Hooves and I made a visit to Llangrannog Beach for a post-supper leg-stretch one day in late March (map), and found a pretty village, with a stunning beach. (street view) Possibly the best description of the village comes from ‘The Story of Llangrannog’* by Mervyn Davies, who says: ‘The seaside village of Llangrannog lies on the coast of Ceredigion, in a narrow valley, which the river Hawen makes its rapid way into Cardigan Bay. Another small stream, Nant Eisteddfa, flows into the sea, but is mostly hidden and emerges as an outfall near the boat ramp. In the lower part, the valley is so steep as to form virtual ravine, the river Hawen falling at one point as a waterfall. The village is spread along the valley, the older settlement, including the church, being above the waterfall, hidden from the sea. The lower or beach village was built in later, safer years and for many years was a small flourishing commercial port.’ (street view)
We parked at the top of the village as we have learned that many of these lovely, little villages have limited parking close by the beach, however we duly found there was actually ample beach-side parking. Though had we parked at the beach-side we would have missed the waterfall, a lovely, albeit steep descent down to the beach past lots of pretty, painted, stone cottages dotted above the river on the hillside, and the views across the river to the hills across the valley. (street view)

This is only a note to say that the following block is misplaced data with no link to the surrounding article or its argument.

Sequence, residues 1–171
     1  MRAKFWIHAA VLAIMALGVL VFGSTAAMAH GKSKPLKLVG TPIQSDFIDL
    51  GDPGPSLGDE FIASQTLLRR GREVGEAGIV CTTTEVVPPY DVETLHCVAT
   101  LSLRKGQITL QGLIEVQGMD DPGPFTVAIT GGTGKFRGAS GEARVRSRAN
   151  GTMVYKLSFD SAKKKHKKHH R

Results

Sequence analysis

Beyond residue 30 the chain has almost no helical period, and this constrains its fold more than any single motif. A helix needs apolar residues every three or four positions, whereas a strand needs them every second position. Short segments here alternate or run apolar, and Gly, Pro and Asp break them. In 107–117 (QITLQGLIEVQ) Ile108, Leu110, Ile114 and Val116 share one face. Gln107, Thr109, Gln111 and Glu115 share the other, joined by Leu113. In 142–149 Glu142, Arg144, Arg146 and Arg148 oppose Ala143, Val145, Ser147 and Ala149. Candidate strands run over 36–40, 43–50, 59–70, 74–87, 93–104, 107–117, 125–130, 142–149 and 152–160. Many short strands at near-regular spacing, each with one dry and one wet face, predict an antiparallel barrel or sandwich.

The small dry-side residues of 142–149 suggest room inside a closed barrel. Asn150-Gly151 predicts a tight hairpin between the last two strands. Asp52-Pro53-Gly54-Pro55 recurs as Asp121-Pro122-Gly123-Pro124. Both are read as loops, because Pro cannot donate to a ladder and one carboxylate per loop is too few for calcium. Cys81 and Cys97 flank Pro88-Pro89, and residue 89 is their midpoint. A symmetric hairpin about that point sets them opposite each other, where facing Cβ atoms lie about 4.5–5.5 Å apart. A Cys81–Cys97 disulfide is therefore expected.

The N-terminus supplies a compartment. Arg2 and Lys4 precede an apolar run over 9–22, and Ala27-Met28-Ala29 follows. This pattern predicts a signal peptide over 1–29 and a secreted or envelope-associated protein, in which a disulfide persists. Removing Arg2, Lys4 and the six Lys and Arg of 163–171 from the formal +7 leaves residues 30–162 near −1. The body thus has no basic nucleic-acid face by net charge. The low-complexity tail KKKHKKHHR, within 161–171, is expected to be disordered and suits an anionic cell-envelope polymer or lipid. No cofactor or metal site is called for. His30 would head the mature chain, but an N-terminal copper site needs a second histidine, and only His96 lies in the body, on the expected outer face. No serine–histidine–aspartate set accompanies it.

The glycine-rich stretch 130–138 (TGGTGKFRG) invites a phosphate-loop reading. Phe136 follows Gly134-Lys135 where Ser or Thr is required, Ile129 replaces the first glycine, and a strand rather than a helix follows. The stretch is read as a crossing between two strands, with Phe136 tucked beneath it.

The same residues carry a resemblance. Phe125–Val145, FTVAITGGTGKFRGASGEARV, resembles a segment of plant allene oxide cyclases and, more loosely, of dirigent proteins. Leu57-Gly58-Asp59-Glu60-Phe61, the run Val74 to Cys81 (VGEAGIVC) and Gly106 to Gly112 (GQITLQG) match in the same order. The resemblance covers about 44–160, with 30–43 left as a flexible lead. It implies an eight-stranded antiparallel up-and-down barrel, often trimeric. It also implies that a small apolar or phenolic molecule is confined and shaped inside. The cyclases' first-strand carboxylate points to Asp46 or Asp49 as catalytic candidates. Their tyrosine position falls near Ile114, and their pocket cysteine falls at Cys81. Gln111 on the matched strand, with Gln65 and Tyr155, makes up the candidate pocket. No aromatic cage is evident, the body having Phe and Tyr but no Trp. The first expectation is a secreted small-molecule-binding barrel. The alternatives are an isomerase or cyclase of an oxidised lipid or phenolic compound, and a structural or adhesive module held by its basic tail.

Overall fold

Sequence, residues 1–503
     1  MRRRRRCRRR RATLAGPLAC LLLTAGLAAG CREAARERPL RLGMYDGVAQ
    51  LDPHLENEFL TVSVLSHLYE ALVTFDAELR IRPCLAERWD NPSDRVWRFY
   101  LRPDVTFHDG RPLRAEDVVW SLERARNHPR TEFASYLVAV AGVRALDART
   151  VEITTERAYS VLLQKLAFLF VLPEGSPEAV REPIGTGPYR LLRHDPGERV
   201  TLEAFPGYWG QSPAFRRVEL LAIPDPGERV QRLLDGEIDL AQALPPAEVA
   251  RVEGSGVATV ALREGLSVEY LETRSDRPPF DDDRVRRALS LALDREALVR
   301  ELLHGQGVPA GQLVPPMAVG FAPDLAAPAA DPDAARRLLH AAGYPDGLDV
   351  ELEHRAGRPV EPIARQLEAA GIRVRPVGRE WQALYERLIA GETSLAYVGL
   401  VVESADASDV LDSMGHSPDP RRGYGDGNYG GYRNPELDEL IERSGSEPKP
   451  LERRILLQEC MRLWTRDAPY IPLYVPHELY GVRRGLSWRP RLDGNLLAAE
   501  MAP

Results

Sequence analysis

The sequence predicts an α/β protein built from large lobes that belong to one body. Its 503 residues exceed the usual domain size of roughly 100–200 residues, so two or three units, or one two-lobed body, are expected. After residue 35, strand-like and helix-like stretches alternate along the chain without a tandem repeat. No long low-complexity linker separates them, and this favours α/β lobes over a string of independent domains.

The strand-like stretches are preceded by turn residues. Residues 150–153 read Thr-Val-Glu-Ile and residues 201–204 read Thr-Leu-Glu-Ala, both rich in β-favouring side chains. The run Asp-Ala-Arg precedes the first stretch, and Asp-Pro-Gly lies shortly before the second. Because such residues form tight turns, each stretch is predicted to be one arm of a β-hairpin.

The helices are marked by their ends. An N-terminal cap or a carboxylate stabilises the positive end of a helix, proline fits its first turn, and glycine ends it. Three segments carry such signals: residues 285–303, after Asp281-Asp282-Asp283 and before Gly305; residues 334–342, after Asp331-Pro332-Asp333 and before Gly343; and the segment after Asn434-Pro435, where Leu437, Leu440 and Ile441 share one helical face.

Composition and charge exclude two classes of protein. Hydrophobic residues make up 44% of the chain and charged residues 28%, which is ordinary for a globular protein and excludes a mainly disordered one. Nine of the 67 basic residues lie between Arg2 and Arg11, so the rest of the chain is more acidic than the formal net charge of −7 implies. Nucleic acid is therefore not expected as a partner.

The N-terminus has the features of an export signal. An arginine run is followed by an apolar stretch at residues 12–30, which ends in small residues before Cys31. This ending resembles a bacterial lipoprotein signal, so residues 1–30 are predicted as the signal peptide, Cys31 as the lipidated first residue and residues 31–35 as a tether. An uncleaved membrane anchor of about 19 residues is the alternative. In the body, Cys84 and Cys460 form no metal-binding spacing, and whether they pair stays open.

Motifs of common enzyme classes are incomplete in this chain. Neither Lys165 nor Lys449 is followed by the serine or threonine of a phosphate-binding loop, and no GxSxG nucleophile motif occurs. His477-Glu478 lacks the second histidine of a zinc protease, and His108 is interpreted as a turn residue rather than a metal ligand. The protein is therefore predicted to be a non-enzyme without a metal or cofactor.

As we reached the beach the sun was just going down, and the tide was out, so the light was bouncing off of the wet sand reflecting the clouds nicely. Because the tide was low we were able to explore the rocks at the mouth of the cove, the most distinctive one being Carreg Bica (Bica’s rock), a large sea-weathered stack of Ordovician rock. Legend says its the tooth of the giant Bica who spat it on the beach to get rid of toothache. We were also able to walk round to the next small cove, Cilborth. If you wish to you can climb up the steep stone steeps from Cilborth and walk back over to Llangrannog via the cliff top.
The village has a couple of pubs, so you stop for sustenance if you wish. In fact the evening we visited The Ship Inn had an outdoor pizza oven filling the air with some delicious aromas. The village also has a couple of coffee shops and a general store.
*Published by E.L. Jones & Sons of Cardigan.